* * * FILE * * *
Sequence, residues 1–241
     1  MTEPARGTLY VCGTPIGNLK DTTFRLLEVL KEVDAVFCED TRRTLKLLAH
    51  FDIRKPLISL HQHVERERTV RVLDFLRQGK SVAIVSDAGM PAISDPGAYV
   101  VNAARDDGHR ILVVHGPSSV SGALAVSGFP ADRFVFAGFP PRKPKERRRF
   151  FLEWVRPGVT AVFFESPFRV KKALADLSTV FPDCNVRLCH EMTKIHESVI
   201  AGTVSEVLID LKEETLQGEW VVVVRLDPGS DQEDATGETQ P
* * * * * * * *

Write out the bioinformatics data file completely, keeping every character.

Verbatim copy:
Sequence, residues 1–241
     1  MTEPARGTLY VCGTPIGNLK DTTFRLLEVL KEVDAVFCED TRRTLKLLAH
    51  FDIRKPLISL HQHVERERTV RVLDFLRQGK SVAIVSDAGM PAISDPGAYV
   101  VNAARDDGHR ILVVHGPSSV SGALAVSGFP ADRFVFAGFP PRKPKERRRF
   151  FLEWVRPGVT AVFFESPFRV KKALADLSTV FPDCNVRLCH EMTKIHESVI
   201  AGTVSEVLID LKEETLQGEW VVVVRLDPGS DQEDATGETQ P